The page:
And if the horse tests positive after testing because someone gave the horse a banned substance, the trainer responsible for the horse should be banned from racing for life. This would be appreciated by all people, that love the sport and wager on this sport.

May 11, 2021 - 9:31 amI agree with Sean, horses

I agree with Sean, horses should be tested before a race (Standardbred and Thoroughbred), there are regulations that say horses should have to be in the paddock 3 or 4 races prior to the race, that gives the commission plenty of time to test each horse and why is this not been done. If the commission is trying to catch someone they feel is breaking the rules, apply the same penalties if the horse test positive before the race, it does not take a genius to change these rules. (ALL HORSES RACING TODAY WILL BE TESTED AS THEY ENTER THE PADDOCK). It's a one time expense to have a immediate result testing installed in every paddock. INTEGRITY in the horse racing industries. WHY NOT?????

And if the horse tests positive after testing because someone gave the horse a banned substance, the trainer responsible for the horse should be banned from racing for life. This would be appreciated by all people, that love the sport and wager on this sport.

May 11, 2021 - 9:09 amI believe that is Baffert's

Don Patrick SAID...

I believe that is Baffert's 5th positive since last year.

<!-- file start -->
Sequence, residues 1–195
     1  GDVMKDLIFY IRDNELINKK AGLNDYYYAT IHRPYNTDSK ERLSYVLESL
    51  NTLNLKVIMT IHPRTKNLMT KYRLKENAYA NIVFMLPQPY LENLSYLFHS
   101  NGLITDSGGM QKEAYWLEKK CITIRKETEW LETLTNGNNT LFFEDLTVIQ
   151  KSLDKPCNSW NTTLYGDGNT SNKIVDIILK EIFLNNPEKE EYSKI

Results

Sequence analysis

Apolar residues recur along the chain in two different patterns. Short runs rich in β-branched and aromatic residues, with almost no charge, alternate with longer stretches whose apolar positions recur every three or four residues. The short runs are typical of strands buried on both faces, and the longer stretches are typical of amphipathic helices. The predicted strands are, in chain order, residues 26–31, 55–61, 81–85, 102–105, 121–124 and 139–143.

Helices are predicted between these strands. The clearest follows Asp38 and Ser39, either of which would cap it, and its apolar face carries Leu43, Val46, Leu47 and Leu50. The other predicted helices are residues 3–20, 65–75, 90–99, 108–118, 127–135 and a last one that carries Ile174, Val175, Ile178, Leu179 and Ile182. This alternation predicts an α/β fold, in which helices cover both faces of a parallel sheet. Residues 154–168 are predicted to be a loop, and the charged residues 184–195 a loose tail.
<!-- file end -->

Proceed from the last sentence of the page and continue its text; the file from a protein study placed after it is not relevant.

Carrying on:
Coincidence?

May 10, 2021 - 10:56 pmLance Armstrong won the Tour

Jim Brown SAID...

Lance Armstrong won the Tour De France seven times, Bob Baffert has won seven Kentucky Derbies. Let's hope his legacy in racing does not end like Lance Armstrong's did. What happened to Lance Armstrong was very disappointing for me, I started paying more attention to cycling after he won his fifth Tour De France. Today I am a greater fan of horse racing and I don't like to see the sport tarnished. I hold six $2.00 win tickets that I have never cashed on American Pharoah at age three, and three of the tickets are triple crown winning tickets, so I do care what happens to Bob Baffert and his career.

May 10, 2021 - 7:03 pmThe entire horse racing

The entire horse racing industry needs to address the issue of thresholds regarding testing results in racing. A wonderful story has turned the media outlets into sling throwing accusations again for a declining sport that needs some positive news coverage. Horses need to be tested before they race not after and things like this would never happen. Most of the industries positive tests today result from medication in error OR outside contamination factors. As an industry, why are we not able to identify what levels produce performance enhancement in a race horse and what levels are so minuscule they equate to a grain of salt in a swimming pool? I find it troubling what the "public's perception" is of the horse racing industry. Sad really. I feel terrible for the parties involved and can only imagine how many of our lives and reputations may be defined by one critical decision. One moment. Let's all hope that this pending decision and the fallout coverage will not be the defining moment regarding this man and his successful career achievements, his family, and the owners involved with this wonderful race horse. The industry should be hopeful that these accusations and whispers will be unfounded and due to outside contamination and then"Medina Spirit's story could still be written.